   Scientists develop explanations using observations (evidence) and what they
       already know about the world (scientific knowledge). Good explanations are
       based on evidence from investigations.
      Scientists make the results of their investigations public; they describe the
       investigations in ways that enable others to repeat the investigations.
      Scientists review and ask questions about the results of other scientists' work.

Physical Science

As a result of the activities in grades K-4, all students should develop an
understanding of

      Properties of objects and materials
      Position and motion of objects
      Light, heat, electricity, and magnetism


During their early years, children's natural curiosity leads them to explore the world
by observing and manipulating common objects and materials in their environment.
Children compare, describe, and sort as they begin to form explanations of the
world. Developing a subject-matter knowledge base to explain and predict the world

requires many experiences over a long period. Young children bring experiences,
understanding, and ideas to school; teachers provide opportunities to continue
children's explorations in focused settings with other children using simple tools,
such as magnifiers and measuring devices.

                         Full inquiry involves asking a simple question,
                         completing an investigation, answering the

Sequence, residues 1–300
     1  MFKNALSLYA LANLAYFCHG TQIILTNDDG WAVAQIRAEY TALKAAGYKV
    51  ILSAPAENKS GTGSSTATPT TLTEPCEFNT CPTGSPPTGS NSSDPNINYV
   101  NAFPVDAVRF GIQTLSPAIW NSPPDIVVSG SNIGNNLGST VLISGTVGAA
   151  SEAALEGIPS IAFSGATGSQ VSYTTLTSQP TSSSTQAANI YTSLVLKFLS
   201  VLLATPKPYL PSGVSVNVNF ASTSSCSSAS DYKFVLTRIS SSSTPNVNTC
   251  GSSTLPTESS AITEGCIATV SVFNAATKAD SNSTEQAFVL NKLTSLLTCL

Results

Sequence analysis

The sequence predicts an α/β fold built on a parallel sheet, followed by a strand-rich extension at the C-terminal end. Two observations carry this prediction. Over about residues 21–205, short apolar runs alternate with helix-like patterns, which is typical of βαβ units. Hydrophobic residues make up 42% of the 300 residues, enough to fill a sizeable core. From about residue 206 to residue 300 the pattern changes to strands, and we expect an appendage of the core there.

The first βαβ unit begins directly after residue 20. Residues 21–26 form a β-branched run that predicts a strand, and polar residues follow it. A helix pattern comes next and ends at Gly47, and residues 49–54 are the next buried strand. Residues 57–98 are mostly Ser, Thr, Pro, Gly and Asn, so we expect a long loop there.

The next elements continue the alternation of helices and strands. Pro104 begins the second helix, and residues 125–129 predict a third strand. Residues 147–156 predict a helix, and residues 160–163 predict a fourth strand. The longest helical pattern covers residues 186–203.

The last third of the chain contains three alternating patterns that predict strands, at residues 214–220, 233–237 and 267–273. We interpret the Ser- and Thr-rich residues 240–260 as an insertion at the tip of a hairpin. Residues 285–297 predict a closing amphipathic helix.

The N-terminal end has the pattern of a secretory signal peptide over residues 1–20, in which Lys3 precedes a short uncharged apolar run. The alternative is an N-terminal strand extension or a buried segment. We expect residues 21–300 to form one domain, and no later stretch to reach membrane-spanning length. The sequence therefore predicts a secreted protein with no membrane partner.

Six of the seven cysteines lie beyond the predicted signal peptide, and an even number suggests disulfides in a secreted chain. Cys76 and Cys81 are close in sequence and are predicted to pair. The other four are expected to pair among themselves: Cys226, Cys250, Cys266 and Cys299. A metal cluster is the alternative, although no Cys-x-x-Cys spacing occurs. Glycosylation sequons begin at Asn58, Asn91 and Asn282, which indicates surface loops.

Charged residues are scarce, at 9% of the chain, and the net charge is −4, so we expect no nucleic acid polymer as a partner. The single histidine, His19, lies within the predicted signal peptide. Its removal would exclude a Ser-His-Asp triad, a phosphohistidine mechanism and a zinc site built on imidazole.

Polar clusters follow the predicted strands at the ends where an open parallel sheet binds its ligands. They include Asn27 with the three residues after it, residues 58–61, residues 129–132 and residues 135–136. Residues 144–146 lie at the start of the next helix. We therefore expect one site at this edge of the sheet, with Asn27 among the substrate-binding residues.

question, and presenting the results to others.

Physical science in grades K-4 includes topics that give students a chance to
increase their understanding of the characteristics of objects and materials that they
encounter daily. Through the observation, manipulation, and classification of
common objects, children reflect on the similarities and differences of the objects.
As a result, their initial sketches and single-word descriptions lead to increasingly
more detailed drawings and richer verbal descriptions. Describing, grouping, and
sorting solid objects and materials is possible early in this grade range. By grade 4,
distinctions between the properties of objects and materials can be understood in
specific contexts, such as a set of rocks or living materials.

Young children begin their study of matter by examining and qualitatively
describing objects and their behavior. The important but abstract ideas of science,
such as atomic structure of matter and the conservation of energy, all begin with
observing and keeping track of the way the world behaves. When carefully
observed, described, and measured, the properties of objects, changes in properties
over time, and the changes that occur when materials interact provide the necessary
precursors to the later introduction of more abstract ideas in the upper grade levels.